deal that landed Ken Griffey Jr. back in his hometown and was expected
to bring a World Series championship to the Reds.
At the time Griffey was the most celebrated player in o $116.5 million
contract -- at the time a below-market deal.
But Griffey hasn't been half the player he was in Seattle. Once
considered the most likely candidate to break Hank Aaron's record
of 755 career homers, Griffey has dropped from the game's elite
because of injuries.
Seemingly made of glass, the former one-man higlhight reel has hit
just 43 homers for the Reds, who haven't come close to reaching
the World Series.
Spanish soccer giants Real Madrid paid close $55 million (Can) to
Manchester United for the services of David Beckham. Then they had
to sign him to a contract.
But considering who Real has on its team does it make sense? Beckham
is being added to what amounts to a global all-star team in Madrid.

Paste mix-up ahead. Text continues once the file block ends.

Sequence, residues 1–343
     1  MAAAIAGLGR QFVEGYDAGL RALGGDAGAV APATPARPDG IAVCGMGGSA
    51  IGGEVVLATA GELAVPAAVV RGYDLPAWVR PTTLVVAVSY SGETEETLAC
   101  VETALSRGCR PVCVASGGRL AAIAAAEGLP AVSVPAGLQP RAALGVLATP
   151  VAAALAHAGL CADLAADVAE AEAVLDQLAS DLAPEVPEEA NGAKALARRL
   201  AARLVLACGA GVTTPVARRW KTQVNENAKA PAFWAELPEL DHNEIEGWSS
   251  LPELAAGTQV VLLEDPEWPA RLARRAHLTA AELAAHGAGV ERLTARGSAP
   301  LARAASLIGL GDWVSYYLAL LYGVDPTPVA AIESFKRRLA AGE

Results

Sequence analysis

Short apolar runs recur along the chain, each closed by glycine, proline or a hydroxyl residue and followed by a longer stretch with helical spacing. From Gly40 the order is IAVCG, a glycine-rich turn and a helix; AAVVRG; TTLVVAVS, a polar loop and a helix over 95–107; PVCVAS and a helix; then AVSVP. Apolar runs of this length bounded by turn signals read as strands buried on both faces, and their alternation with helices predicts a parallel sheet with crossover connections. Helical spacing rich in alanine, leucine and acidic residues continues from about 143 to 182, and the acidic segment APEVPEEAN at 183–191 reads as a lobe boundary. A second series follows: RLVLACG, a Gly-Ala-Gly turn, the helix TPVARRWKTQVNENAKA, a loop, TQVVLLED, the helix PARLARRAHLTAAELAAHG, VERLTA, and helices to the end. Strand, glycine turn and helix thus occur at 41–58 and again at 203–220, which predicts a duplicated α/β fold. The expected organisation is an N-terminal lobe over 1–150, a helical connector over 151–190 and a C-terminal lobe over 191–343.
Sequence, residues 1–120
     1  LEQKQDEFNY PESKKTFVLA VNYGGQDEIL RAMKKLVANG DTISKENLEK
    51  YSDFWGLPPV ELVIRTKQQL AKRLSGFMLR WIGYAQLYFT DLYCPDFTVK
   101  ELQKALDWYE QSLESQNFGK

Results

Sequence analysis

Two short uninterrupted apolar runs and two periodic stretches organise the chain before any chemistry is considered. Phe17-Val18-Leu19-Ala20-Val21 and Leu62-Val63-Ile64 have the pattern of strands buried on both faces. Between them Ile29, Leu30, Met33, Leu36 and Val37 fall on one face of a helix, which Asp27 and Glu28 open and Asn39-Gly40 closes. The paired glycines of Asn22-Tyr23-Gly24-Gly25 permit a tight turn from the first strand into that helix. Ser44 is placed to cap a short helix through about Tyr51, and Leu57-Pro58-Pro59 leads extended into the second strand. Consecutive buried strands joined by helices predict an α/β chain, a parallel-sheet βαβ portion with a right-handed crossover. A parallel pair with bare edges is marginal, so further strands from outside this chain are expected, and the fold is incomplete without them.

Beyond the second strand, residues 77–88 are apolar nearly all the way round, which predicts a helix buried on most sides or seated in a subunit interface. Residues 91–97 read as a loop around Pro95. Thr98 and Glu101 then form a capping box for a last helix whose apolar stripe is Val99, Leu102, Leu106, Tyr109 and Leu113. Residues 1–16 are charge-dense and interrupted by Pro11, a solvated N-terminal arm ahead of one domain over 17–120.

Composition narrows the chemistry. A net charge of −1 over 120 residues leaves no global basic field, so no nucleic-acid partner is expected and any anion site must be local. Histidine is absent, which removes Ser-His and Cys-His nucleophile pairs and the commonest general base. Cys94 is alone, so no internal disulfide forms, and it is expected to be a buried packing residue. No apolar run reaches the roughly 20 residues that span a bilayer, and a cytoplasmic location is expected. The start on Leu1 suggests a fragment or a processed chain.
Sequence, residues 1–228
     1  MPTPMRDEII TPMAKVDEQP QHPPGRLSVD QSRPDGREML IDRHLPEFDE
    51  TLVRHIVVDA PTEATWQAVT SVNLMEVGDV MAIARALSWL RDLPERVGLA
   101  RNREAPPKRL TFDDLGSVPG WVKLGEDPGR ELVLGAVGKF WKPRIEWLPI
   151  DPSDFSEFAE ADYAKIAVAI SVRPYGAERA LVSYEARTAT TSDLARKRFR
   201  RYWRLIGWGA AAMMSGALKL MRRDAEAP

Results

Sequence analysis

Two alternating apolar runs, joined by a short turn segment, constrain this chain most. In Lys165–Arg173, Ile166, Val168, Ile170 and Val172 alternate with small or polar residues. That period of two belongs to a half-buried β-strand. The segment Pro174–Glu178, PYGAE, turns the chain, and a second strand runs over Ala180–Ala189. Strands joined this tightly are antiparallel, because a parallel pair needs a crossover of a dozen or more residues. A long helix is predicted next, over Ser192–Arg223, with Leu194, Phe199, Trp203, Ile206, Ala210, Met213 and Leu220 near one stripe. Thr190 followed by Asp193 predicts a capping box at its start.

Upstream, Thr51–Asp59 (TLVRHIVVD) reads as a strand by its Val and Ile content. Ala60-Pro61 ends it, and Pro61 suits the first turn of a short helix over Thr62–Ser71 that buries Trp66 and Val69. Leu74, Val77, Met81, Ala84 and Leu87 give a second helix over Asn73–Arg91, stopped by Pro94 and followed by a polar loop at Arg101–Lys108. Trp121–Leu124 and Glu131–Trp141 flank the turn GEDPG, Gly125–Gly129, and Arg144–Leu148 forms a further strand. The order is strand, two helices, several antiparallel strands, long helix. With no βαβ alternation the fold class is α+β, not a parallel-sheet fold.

The nine-time European champions already boast Brazilian World Cup
hero Ronaldo and French star Zinedine Zidane, not to mention former
FIFA footballer of the year Figo, sniper Raul and explosive offensive
fullback Roberto Carlos.
The acquisition will undoubtedly cause a logjam for playing time.
Beckham, Zidane and Figo are all mid-fielders.
Some think Real will be forced to move a player, like Figo, who
they purchased for $80 million from Barcelona in 2000.
the question is, why? The answer, merchandise.
is easily the most popular footballer in the world and Real executives
are confident that there is plenty of money to be made selling Beckham
jerseys and memorabilia.